Four months after proposing a significantly expanded definition specifying when “investment advice” to employee plans and IRAs would give rise to fiduciary status under the Employee Retirement Income Security Act of 1974, the Department of Labor has its hands full grappling with comments on the multi-faceted proposal. The DOL received over 2,600 comment letters on the proposal and heard testimony from over 70 witnesses during public hearings from August 10 to August 13 in Washington D.C. This Alert describes some of the leading themes in the comment letters and the public hearings, focusing on the concerns of the regulated community.

Background

The Department’s proposal would significantly expand the scope of fiduciary activity by redefining what constitutes “investment advice” under ERISA. In connection with the proposed regulation, the Department proposed a new exemption referred to as the Best Interest Contract (“BIC”) Exemption. The proposed BIC Exemption is designed to work in conjunction with the proposed definition of investment advice to facilitate the provision of investment advice to small plans, plan participants, and IRA owners, but is available only on satisfying a number of stringent requirements and would only be available for advice rendered with respect to certain asset classes. At the same time, the Department proposed to amend six prohibited transaction exemptions (“PTEs”) in an effort to incorporate the best interest standard of the BIC Exemption. The Department also solicited comments about, but did not formally propose, a separate “streamlined exemption” that would make it easier for advisers to receive fees in connection with index funds and other “high-quality,” “low-fee” investments. A more comprehensive summary of the DOL’s proposed regulation and exemptions can be found here

Summary of Public Comments

A common theme among the comment letters the Department received – letters both in favor and opposed to the proposal – was that financial advisers should act in their clients’ best interest. However, different commenters seemed to understand that standard in different ways, as was noted at the public hearings. 

Comment letters from citizens and plan participant organizations such as AARP and the Pension Rights Center voiced strong support for the proposal. Their letters argued that the definition of investment advice and the proposed BIC Exemption offered needed protection to participants.

Comment letters opposed to the proposal varied in their reasons for opposition. Several commenters warned that the proposal could cause many firms to withdraw from the business of providing advice to small savers. A few questioned the Department’s authority for issuing parts of the proposed guidance and the process that the Department undertook to issue the guidance. A greater number of letters criticized technical aspects of the proposed regulation and BIC Exemption and expressed concerns about the potential impact of the overall proposal on various aspects of the retirement industry. The DOL focused predominantly on these criticisms at the public hearings, and this Alert will do likewise.

The Department’s Authority 

Several commenters expressed concern’s about the Department exceeding the scope of its legal authority.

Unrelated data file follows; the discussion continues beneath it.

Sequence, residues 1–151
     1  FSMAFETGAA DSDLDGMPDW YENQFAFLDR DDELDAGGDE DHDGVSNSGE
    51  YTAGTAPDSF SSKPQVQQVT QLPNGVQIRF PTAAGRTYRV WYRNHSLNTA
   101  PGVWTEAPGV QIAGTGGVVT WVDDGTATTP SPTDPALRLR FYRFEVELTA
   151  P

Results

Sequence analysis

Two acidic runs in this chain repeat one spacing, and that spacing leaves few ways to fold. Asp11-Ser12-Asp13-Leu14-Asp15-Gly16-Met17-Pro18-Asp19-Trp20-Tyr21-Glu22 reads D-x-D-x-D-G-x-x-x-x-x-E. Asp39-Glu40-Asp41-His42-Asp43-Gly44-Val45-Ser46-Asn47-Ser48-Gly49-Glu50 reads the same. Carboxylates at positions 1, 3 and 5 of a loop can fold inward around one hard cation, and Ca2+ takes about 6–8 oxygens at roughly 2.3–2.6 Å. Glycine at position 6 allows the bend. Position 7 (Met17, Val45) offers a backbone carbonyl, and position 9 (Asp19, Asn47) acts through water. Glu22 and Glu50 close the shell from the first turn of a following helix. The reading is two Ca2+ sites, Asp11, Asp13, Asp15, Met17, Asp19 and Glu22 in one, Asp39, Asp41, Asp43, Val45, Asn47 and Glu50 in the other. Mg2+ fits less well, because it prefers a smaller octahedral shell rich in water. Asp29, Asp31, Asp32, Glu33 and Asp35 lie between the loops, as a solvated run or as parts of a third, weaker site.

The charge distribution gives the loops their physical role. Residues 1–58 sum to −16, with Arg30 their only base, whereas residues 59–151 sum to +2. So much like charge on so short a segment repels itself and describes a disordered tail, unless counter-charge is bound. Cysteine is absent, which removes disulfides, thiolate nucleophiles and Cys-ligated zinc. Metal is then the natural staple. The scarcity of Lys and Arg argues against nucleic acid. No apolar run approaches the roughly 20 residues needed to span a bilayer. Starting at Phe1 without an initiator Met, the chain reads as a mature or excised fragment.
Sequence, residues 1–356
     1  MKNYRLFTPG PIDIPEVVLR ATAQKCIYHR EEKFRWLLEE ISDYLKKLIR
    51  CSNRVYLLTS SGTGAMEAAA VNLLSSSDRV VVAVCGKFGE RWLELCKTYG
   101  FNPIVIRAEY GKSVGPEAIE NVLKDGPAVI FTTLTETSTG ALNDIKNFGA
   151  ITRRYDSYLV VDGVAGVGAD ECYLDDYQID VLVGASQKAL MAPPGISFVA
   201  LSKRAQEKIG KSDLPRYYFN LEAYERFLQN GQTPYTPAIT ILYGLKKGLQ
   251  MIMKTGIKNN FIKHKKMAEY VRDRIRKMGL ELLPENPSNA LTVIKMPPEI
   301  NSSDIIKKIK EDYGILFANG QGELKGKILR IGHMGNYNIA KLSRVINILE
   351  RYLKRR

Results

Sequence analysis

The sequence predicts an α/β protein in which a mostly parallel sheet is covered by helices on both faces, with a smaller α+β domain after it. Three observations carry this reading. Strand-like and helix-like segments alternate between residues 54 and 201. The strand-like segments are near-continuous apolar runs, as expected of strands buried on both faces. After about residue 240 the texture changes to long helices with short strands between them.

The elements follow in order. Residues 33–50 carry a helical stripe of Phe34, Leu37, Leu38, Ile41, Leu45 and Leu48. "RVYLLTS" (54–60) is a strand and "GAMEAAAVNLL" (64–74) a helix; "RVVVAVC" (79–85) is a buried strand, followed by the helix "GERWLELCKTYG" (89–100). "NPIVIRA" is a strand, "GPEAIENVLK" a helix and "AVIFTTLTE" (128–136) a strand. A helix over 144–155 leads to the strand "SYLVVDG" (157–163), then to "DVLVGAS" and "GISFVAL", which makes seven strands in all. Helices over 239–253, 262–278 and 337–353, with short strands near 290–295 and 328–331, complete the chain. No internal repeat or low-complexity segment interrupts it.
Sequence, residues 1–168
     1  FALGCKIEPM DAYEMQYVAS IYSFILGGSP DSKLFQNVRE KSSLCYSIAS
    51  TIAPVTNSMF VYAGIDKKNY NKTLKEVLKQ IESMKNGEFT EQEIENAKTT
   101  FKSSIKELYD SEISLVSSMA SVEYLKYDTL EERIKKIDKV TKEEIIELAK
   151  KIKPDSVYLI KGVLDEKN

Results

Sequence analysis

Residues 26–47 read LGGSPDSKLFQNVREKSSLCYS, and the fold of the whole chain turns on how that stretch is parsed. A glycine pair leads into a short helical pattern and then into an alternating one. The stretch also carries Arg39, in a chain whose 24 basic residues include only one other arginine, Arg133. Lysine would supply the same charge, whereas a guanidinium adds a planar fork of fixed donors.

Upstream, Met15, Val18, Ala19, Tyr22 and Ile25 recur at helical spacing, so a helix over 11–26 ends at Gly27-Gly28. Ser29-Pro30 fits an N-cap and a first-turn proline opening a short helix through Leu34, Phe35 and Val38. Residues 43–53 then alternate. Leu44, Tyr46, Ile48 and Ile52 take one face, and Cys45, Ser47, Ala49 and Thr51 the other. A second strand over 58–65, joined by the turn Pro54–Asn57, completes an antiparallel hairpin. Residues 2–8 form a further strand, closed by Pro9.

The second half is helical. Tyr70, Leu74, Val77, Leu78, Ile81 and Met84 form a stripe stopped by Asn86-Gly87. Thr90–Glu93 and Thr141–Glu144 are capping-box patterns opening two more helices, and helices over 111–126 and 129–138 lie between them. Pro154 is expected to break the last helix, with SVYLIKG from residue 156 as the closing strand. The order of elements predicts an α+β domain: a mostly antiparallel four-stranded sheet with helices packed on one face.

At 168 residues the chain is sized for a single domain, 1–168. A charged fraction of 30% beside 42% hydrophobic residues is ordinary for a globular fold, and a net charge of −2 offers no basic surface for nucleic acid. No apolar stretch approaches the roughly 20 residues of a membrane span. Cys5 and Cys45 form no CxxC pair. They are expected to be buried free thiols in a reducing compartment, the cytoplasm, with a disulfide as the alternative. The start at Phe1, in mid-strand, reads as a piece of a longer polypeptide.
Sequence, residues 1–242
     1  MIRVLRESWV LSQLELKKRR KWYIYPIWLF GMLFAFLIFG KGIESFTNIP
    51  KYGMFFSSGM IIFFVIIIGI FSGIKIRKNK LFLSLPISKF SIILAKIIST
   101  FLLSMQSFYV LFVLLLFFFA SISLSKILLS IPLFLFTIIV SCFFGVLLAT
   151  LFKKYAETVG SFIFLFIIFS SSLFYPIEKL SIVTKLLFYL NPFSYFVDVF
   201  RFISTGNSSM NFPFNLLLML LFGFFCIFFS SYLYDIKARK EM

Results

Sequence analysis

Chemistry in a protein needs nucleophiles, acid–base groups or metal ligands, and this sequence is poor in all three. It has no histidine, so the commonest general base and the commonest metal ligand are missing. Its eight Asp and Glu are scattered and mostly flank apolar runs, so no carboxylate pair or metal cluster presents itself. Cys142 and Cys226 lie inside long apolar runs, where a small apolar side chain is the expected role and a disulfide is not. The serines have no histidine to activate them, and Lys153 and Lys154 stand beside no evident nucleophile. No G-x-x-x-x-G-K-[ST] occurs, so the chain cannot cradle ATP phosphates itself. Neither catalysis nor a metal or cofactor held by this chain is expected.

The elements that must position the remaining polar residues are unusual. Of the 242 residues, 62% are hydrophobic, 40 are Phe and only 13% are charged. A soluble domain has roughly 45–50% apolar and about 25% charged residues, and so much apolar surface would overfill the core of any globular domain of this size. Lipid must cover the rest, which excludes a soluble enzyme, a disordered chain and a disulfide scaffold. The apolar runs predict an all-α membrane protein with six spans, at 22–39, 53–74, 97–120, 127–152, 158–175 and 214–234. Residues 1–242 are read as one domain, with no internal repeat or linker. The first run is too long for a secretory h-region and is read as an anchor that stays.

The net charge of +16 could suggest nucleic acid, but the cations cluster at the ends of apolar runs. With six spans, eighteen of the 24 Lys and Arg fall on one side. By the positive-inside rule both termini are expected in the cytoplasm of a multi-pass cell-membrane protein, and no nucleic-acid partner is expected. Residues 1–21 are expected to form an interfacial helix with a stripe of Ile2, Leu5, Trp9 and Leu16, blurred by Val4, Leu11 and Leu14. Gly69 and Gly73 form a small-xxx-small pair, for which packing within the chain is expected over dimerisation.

• Distributions: A number of comment letters expressed the view that the Department’s proposed definition of investment advice, which would pick up advice with respect to distributions from a plan, is broader than contemplated by the statutory definition in ERISA, which makes a person a fiduciary to the extent the person “renders investment advice for a fee or other compensation.” The commenters contend that advice with respect to distributions from a plan is different from “investment advice for a fee.” 
  • IRAs: Many commenters took direct aim at the Department’s authority to regulate IRAs, which have historically been regulated by the Treasury Department. While the Department’s proposal does not regulate IRAs directly, the proposal would indirectly regulate conduct through the Department’s authority to define prohibited transactions. At least one commenter noted that IRAs are already regulated by federal securities laws and banking regulators and that additional regulation of broker-dealers by the Department was unnecessary.
  • Broker-Dealers: Many commenters expressed concerns about overlapping regulations, specifically with respect to federal securities laws. Section 913 of the Dodd-Frank Act grants the SEC the authority to implement a uniform fiduciary standard of care for investment advisers and broker-dealers. As a result, numerous banks and asset managers encouraged the Department to let the SEC take the lead in this area and also to defer to FINRA’s existing regulatory standards for broker-dealers. 

The Department’s Process

Other comment letters challenged the Department’s rulemaking process, primarily on the bases described below. 

  • Regulatory Impact Analysis: Several commenters challenged the findings of the Department’s regulatory impact analysis released in conjunction with the proposal. That analysis concluded that the proposal would result in net gains to retirement investors of tens of billions of dollars over a 10-year period. Commenters opined that the Department failed to consider alternative options, ignored key statistics or studies, and grossly underestimated the costs and overestimated the benefits associated with implementing the rule. Several interested parties commissioned separate studies to refute parts of the Department’s analysis.